Pollution from China travels in large quantities across the Pacific Ocean to the United States, a new study has found, making environmental and health problems unexpected side effects of U.S. demand for cheap China-manufactured goods.
On some days, acid rain-inducing sulfate from burning of fossil fuels in China can account for as much as a quarter of sulfate pollution in the western United States, a team of Chinese and American researchers said in the report published by the U.S. National Academy of Sciences, a non-profit society of scholars.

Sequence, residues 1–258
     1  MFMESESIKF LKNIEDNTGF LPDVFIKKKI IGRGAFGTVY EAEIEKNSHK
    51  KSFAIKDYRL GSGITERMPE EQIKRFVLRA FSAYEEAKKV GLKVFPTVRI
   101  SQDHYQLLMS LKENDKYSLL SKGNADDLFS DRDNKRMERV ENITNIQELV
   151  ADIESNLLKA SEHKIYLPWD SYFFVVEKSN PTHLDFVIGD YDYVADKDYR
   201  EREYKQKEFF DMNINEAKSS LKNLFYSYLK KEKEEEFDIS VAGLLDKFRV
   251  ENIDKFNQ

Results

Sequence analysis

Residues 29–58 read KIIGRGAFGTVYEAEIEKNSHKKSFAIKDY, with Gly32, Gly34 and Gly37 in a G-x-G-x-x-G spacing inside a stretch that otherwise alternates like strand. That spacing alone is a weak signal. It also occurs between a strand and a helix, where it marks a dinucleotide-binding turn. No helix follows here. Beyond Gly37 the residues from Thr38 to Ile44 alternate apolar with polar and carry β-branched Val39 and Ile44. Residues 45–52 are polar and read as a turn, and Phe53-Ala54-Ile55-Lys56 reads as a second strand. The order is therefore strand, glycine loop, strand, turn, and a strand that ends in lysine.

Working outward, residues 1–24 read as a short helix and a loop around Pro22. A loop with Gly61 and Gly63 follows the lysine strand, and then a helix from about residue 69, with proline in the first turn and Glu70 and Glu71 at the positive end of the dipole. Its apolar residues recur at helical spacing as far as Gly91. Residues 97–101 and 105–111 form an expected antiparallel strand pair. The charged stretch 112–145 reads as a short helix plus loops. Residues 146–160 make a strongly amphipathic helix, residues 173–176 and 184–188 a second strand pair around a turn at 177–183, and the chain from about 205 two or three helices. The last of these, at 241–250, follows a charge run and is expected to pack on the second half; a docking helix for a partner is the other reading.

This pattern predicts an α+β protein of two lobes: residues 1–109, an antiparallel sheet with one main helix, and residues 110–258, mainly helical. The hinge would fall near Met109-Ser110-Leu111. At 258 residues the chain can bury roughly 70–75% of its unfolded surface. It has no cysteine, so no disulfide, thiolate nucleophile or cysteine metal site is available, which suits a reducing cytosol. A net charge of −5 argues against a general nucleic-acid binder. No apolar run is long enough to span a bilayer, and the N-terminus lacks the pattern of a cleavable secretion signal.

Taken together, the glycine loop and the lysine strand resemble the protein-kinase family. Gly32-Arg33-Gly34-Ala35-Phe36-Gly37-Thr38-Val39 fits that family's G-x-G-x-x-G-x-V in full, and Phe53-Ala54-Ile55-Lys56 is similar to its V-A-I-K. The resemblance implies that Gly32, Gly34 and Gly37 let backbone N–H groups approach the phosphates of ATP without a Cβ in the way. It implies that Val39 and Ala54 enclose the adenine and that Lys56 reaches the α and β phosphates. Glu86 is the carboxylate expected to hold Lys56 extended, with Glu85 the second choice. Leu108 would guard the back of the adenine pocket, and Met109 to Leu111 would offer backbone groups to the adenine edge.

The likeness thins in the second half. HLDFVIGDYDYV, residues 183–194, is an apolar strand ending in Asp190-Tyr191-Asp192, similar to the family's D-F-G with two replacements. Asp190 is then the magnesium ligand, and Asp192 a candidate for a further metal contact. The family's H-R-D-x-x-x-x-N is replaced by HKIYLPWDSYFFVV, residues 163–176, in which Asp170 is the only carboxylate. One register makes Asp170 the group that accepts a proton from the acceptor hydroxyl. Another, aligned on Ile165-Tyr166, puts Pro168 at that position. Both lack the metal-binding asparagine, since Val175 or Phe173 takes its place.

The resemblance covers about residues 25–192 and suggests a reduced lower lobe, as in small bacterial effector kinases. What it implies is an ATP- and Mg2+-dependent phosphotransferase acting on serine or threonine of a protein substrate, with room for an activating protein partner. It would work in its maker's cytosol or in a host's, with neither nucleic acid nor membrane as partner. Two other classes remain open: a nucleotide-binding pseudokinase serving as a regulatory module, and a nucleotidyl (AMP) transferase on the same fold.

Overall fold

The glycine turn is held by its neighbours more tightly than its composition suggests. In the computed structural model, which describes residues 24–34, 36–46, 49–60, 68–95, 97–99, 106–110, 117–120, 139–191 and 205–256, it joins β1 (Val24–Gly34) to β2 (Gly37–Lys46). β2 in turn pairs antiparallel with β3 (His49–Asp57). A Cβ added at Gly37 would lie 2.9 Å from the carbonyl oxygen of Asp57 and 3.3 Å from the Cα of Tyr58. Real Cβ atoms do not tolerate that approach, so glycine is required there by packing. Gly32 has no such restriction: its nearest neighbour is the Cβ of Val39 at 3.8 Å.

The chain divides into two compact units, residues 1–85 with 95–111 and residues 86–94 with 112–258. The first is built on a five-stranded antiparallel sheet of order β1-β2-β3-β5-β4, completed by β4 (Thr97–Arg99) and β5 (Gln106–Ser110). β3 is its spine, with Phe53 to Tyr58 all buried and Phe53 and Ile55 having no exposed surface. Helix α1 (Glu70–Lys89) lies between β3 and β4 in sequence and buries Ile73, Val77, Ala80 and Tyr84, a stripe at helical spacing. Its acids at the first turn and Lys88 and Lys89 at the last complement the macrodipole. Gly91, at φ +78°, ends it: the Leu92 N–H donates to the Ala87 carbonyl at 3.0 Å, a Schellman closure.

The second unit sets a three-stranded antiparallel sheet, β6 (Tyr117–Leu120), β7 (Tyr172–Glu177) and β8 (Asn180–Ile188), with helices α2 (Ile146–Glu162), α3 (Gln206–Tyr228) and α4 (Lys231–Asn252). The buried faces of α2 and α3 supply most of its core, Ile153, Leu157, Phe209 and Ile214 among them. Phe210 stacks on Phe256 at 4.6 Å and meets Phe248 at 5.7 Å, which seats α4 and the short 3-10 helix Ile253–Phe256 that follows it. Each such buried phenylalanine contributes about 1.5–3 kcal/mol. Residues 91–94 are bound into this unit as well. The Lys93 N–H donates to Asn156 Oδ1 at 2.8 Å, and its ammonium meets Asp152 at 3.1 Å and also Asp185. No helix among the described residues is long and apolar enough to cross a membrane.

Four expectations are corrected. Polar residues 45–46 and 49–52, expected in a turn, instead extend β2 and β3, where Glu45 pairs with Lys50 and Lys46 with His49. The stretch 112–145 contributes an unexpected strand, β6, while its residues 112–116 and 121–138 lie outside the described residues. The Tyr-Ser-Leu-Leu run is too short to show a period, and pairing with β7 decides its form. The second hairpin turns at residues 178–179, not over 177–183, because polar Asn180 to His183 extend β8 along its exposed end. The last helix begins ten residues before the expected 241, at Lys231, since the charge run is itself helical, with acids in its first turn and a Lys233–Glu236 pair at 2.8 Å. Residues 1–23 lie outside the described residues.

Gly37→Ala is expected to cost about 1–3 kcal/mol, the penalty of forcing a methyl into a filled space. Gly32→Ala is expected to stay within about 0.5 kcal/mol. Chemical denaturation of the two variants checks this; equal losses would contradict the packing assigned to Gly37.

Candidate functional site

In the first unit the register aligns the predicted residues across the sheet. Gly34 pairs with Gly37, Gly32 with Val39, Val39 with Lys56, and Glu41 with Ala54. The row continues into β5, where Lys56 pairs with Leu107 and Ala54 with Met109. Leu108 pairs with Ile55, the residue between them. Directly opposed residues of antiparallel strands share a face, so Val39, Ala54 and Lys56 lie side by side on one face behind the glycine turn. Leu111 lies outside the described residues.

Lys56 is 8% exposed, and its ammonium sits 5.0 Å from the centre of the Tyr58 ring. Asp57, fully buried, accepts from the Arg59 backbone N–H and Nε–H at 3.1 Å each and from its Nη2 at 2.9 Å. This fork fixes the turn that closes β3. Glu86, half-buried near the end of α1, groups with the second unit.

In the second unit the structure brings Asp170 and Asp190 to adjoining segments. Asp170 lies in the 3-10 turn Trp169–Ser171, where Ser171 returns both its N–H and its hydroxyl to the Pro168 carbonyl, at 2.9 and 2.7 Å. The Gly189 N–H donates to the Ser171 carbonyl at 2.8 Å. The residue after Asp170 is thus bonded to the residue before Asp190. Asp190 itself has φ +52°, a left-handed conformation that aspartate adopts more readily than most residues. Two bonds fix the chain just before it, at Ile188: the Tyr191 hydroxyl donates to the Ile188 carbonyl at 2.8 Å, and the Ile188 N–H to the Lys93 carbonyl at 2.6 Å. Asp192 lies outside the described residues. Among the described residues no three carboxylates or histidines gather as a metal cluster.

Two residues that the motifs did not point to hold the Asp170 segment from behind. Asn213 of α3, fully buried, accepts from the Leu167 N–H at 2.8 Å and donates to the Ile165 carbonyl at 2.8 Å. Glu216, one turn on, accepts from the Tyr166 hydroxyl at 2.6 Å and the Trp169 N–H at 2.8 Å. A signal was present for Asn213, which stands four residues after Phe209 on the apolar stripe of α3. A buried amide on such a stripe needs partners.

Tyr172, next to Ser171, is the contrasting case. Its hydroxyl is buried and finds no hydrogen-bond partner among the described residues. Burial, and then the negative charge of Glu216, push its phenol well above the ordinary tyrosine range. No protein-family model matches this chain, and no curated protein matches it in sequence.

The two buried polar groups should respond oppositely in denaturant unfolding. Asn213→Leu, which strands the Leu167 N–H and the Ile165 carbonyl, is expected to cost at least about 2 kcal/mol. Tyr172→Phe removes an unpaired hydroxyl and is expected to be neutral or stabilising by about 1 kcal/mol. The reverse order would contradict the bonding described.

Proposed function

Cities like Los Angeles received at least an extra day of smog a year from nitrogen oxide and carbon monoxide from China’s export-dependent factories, it said.
"We’ve outsourced our manufacturing and much of our pollution, but some of it is blowing back across the Pacific to haunt us," co-author Steve Davis, a scientist at University of California Irvine, said.
Between 17 and 36 percent of various air pollutants in China in 2006 were related to the production of goods for export, according to the report, and a fifth of that specifically tied to U.S.-China trade.